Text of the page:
Monday, January 20, 2014

The Gospel of Thomas: a quick guide


Need to remember or revise some basic information about the Gospel of Thomas? Here is a guide I have used before and wrote up for a seminar last week.
Gospel according to Thomas: title acc. to the subscription in Nag Hammadi Codex II
Gospel: significant
Thomas (GT 1; lost of other literature attributed: Acts Thomas, Book Thomas Contender, Infancy Gospel of Thomas)

G = Gnostic (obviously a question as well of definition, history, provenance & theology)
O = Origen (knows of a Gospel according to Thomas, Hom. Luke 1)
S = Sayings (GT 1: ‘these are the secret sayings which the living Jesus spoke’)
P = Parables (many: net, sower, weeds, banquet, vineyard etc.: diff. from SGs)
E = Early (early material on almost any view)
L = Lacking OT (nothing; polemical: GT 52)

O = oi logoi sophwn (words of the wise: connection with wisdom genres)
F = Form/genre

T = Three Greek papyri (P. Oxy 1, 654, 655)
H = Hundred and 14 sayings (not numbered in original, but clearly demarcated)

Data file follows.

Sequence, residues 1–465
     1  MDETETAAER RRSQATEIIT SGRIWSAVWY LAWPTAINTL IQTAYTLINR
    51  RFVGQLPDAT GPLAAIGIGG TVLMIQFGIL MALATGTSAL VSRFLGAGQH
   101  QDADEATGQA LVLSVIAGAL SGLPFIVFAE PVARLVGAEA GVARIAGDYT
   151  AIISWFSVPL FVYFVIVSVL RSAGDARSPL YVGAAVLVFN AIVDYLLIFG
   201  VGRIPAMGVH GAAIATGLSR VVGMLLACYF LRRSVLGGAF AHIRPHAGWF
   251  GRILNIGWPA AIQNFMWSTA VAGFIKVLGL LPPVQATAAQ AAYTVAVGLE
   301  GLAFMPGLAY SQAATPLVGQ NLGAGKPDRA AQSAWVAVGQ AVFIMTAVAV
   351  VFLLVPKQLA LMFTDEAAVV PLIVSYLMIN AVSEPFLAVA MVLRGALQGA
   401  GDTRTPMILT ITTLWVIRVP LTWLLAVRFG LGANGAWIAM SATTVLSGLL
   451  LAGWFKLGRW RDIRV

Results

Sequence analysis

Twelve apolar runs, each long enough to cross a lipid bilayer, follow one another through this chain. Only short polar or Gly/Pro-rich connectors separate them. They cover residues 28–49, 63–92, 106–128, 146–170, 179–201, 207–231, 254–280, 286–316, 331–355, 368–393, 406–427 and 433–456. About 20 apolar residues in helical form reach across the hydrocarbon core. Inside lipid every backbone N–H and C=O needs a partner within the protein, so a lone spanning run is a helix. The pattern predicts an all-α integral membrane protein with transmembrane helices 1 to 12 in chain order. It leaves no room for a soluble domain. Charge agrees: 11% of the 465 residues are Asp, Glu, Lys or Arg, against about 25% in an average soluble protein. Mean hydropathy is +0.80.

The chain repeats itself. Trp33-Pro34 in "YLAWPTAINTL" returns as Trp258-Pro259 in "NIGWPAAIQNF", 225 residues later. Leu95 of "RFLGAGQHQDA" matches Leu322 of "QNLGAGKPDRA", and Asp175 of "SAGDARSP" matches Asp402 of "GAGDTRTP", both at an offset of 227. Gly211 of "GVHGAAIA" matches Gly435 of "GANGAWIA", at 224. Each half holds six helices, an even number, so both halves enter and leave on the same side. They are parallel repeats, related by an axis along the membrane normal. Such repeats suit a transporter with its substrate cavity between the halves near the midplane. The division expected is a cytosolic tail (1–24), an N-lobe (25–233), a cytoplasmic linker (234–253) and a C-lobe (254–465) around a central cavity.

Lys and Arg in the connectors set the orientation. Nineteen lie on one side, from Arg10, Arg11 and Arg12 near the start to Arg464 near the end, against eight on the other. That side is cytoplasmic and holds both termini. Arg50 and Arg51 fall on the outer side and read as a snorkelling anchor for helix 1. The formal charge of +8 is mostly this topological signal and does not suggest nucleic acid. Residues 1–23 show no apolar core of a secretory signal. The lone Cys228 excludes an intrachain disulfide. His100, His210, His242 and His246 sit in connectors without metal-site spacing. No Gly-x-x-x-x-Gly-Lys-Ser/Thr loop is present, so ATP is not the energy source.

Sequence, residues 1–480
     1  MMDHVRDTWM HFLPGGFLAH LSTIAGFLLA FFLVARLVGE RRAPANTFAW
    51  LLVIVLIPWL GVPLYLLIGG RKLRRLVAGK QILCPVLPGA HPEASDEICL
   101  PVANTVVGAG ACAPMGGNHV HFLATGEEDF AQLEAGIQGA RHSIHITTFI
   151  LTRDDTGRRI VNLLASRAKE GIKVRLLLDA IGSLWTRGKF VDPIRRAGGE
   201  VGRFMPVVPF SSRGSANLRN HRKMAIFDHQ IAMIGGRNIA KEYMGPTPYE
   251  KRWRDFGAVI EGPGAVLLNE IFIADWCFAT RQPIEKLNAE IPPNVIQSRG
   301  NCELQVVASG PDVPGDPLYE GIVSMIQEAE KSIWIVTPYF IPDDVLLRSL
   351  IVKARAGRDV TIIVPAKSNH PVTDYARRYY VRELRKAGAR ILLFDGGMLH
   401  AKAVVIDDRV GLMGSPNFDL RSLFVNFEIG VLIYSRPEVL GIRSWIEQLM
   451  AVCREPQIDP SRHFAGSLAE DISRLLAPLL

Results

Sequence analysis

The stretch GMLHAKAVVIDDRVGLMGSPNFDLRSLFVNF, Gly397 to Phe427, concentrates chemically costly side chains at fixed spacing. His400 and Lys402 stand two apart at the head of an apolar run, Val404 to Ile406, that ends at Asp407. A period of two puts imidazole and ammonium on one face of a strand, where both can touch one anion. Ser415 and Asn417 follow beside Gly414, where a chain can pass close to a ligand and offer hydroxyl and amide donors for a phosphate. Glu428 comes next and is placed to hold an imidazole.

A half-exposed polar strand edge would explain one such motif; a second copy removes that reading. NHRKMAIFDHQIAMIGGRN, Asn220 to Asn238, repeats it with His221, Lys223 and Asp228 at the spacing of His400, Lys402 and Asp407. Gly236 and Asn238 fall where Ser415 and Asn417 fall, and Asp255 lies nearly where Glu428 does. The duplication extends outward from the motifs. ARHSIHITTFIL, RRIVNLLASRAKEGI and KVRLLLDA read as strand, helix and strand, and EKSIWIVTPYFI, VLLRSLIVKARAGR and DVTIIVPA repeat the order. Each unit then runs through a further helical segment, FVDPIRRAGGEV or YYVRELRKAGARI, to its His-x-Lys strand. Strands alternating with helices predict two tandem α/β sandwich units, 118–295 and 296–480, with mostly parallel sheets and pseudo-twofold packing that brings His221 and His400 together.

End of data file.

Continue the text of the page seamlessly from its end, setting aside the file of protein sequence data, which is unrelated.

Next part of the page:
O = One Coptic Manuscript (Nag Hammadi Codex II; Apoc. John, GT, Gos. Philip …)
M = Monachoi (‘monks’ = GT 16, 49, 75)
A = ‘All’ (GT 2: ‘… king over the All’, 67, 77: ‘I am the All’)
S = Seventy-Nine sayings have synoptic parallels


  1. A nice guide. Minor typo? lost of -->lots of other literature attributed.

  2. The nonscientific and ridiculous was when the Hebrew and Greek were translated using the rules of Latin. The NT was written using Macedonian Greek, which is a coded language not meant to be directly spoken. ( G.R. Collins translator

  3. What is gnostic about the gospel of Thomas? Do you see Demiurgical thought anywhere in Thomas?

  4. I rather like this, but I'm wondering about the "gnostic" designation. You include this without any nuance, but it's important to note that much modern scholarship on Thomas has been moving away from understanding Thomas as a Gnostic text. Thoughts on how you might adapt this guide given recent scholarly critiques?

  5. Did you guys read the bit in the brackets? It is a question whether GT is gnostic! It is also a whole lot of questions about the definition and history of gnosticism; and about the provenance and theology of this text. This is not a guide to contemporary scholarly thought on the subject.